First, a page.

Thursday, October 14, 2010

Checking In

Hello, readers.

I've been a bit absent for a while, and just wanted to check in. I must admit, with Susan's regular posts, I've grown a little lazy...every morning, she has an entry sitting in my inbox, ready to go, and all I have to do is put it up on the blog. I have been rationalizing that at least there is plenty of activity....but the truth is, I've simply been caught up in my own whirlwind, and slacking.

I have been enjoying Susan's posts, and hope you have been, too. They are refreshingly simple, and often heartbreakingly honest. I encourage you to make comments, if and when you have the time. She'd love to hear from you.

It has been nearly a month, and our three-day sesshin, which marks the end of Susan's practice period as shuso (head student) is only two weeks away. We will be journeying to Black Mountain Center near Cazadero, a quiet, redwood retreat high above it all, to sit and settle into the stillness.

It will be a huge departure after my crazy October. My YWCA events, the series of author readings for Domestic Violence Awareness Month, are in full swing. We had our first event last Friday in Sebastopol, and it was a perfect evening - about 30 people in attendance, the writers all read well, the audience was appreciative, the words were powerful. It was even more than I had hoped for. Tomorrow night our second event takes place in Santa Rosa, and our third and final event happens next Friday in Cloverdale. I am still frantically composing my own pieces for that event - I have written one poem, but hope to pen two more.

I have never done event planning before, so the whole thing has been a huge learning experience for me. There have been so many little details: readers with special requests, event venues with quirky rules, etc., etc. But all in all, it has been truly a wonderful team effort, and very satisfying to feel part of something that matters.

My work schedule has continued unabated, with the last two weeks having deadline nights lasting until almost 3 a.m., and no end in sight for that, due to our reduced staff. I have vacation hours on the books, but no one to fill in should I actually take a day off. Still, once again, I am grateful to have a job, enjoying the work, and feel part of a team.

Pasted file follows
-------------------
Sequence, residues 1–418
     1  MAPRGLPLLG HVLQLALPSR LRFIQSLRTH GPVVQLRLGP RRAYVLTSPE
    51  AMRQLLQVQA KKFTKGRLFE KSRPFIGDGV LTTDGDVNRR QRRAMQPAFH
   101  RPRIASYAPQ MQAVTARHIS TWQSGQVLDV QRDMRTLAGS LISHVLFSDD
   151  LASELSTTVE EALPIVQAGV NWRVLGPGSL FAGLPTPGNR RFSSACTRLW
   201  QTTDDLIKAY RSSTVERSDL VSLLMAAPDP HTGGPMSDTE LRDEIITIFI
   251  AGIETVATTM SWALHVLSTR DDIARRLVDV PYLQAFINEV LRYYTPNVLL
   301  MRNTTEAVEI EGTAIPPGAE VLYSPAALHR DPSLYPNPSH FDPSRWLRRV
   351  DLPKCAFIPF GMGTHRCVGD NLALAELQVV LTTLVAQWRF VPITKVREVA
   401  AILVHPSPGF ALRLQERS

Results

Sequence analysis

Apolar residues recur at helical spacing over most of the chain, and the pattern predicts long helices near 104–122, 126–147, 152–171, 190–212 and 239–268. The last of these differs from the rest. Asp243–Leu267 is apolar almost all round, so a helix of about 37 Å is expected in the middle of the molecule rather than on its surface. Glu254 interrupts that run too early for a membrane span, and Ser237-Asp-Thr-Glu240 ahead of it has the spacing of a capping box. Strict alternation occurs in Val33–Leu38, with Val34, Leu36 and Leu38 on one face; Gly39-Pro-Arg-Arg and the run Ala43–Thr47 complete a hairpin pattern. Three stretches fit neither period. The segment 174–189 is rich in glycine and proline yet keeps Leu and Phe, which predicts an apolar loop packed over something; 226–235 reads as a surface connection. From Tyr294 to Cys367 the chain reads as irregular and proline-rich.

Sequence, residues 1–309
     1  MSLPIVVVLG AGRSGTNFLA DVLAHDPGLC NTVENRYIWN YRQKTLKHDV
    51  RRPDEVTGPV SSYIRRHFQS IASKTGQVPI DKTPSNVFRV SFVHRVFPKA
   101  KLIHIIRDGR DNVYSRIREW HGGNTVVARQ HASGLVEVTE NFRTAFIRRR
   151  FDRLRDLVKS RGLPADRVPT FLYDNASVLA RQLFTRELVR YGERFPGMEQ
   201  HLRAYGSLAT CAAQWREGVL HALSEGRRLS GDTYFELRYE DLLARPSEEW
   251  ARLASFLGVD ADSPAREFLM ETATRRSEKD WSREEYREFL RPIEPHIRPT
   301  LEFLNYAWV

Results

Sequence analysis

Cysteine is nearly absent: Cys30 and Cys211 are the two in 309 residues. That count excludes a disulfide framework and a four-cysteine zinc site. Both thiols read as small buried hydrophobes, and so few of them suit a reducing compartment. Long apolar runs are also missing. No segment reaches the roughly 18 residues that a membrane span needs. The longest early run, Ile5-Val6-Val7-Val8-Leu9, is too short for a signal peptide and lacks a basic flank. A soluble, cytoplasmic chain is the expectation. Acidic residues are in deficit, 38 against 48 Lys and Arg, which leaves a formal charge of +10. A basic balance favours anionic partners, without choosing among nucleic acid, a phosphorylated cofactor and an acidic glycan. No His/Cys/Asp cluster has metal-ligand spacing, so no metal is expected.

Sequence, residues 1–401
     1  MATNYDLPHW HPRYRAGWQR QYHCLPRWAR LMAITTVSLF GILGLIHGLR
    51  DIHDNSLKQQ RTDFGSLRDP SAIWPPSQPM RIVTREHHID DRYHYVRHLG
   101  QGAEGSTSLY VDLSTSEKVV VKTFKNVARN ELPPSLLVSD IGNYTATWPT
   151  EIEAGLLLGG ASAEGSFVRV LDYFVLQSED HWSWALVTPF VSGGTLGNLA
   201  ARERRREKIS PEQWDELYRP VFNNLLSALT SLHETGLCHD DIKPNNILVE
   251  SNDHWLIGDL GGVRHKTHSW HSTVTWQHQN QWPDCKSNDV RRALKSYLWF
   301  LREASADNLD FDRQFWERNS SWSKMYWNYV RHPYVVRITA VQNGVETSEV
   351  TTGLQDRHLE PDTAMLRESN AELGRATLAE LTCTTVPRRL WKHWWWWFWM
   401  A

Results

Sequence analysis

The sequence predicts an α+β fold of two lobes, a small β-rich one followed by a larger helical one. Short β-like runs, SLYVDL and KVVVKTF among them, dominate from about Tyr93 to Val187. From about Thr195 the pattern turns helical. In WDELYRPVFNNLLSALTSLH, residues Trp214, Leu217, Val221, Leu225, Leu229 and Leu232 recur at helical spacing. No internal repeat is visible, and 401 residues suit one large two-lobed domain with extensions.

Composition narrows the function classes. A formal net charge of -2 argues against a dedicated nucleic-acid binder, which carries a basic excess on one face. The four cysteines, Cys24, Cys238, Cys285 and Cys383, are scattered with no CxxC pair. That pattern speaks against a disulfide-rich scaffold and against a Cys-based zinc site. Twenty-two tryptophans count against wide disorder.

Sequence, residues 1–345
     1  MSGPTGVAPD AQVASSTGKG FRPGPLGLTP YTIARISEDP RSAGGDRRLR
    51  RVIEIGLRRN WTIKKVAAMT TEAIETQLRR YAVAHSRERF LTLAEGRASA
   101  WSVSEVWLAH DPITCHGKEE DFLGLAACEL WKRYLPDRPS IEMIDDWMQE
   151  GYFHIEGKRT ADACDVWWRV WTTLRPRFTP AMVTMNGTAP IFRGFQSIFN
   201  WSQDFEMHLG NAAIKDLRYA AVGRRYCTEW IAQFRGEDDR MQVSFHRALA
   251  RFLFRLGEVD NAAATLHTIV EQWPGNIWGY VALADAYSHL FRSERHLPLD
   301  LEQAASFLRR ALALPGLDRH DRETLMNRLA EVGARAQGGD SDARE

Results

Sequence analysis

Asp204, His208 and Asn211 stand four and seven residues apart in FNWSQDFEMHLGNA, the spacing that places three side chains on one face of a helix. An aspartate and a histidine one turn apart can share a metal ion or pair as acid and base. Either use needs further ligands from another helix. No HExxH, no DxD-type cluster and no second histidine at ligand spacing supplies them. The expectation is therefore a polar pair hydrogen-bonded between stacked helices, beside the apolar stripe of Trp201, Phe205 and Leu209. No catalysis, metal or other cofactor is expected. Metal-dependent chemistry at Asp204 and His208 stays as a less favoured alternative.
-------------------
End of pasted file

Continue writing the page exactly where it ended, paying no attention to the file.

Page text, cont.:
That team thing - kind of a theme, isn't it? It's amazing how much one can withstand when one doesn't feel like one is doing everything all alone.

Which brings me to perhaps the hardest part of my week - all of us in the Russian River Sangha are reeling with the news that our beloved teacher, Darlene Cohen, has recently been told that her cancer is worsening, and that she now only has a few months left to live.

When I read the email from Darlene late Tuesday night sharing this information, I could not even respond. It is only now, two days later, that I am even beginning to find a space to open up and let in the hurt.

What sustains me is knowing that I am not alone. I have my teachers, Darlene and Tony. I have my sangha. I have my partner Sabrina. And somehow, together, we will comfort each other through this, and manage to infuse the pain with love.


  1. Thanks Michelle,

    I like your blogs. I appreicate the reminder of the whirlwind - getting caught up for me rationalizes avoidance. I've been a cranky, out of sorts kid & mean critical judge for 2 days, just not enjoying anything. Late yesterday I started to make some space - for my sorrow, and my joy and gratefulness of being a part of such a world of people - connection. I appreciate sangha so much, and am grateful for this place of sangha you create.


  2. Catching up with you via your blog, and am saddened to hear the news of Darlene. I know what she means to you and so many others. My thoughts are with you all...